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CRED Crunch, Issue no. 69, December 2022: The interplay of drought-flood extreme events in Africa over the last twenty years (2002-2021)
This CRED Crunch newsletter explores the interplay of drought-flood extreme events in Africa over the last twenty years (2002-2021). The EM-DAT international disaster database indicates that over the last twenty years floods (n=793) and droughts (n=137) represented 55% of natural hazards in Africa (n=1,693), with 14,053 and 20,821 deaths, respectively.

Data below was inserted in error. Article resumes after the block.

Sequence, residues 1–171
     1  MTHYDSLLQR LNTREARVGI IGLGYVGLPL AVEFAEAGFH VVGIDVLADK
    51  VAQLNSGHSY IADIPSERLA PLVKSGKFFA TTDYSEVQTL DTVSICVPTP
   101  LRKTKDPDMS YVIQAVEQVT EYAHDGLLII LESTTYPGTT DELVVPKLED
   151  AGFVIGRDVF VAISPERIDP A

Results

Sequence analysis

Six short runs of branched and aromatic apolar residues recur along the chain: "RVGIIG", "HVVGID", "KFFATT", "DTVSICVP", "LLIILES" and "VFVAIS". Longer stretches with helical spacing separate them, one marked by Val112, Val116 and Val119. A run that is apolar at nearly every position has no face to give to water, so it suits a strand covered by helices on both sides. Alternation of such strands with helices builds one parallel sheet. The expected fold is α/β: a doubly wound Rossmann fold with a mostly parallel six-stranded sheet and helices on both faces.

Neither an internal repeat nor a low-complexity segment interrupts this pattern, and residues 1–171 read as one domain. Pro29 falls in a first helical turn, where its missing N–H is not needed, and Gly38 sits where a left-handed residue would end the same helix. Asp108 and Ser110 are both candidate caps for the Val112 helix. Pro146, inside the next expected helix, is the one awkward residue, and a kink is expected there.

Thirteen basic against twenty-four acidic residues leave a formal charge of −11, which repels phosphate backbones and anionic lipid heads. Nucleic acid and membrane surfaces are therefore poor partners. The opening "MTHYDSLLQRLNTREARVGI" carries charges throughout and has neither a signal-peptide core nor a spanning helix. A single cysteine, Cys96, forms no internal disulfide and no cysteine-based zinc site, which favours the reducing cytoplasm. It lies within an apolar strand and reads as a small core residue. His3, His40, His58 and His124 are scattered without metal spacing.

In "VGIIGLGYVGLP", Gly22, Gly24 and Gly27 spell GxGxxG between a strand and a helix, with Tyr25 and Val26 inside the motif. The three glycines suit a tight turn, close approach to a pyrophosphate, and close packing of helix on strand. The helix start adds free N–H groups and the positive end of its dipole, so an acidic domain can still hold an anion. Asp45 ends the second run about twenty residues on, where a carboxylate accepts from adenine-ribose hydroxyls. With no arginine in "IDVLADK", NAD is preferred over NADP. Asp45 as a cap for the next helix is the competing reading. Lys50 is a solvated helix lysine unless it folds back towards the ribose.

Floods and drought are two extremes of the hydrological cycle. Despite their different physical processes, with different spatial and temporal scales, their interplay can enhance the resulting detrimental cascading effects. In comparison to the previous twenty years (1982-2001), EM-DAT indicates an increasing temporal trend in occurrences of floods and droughts in Africa, with a more important increase for floods (+180%) than for drought (+30%).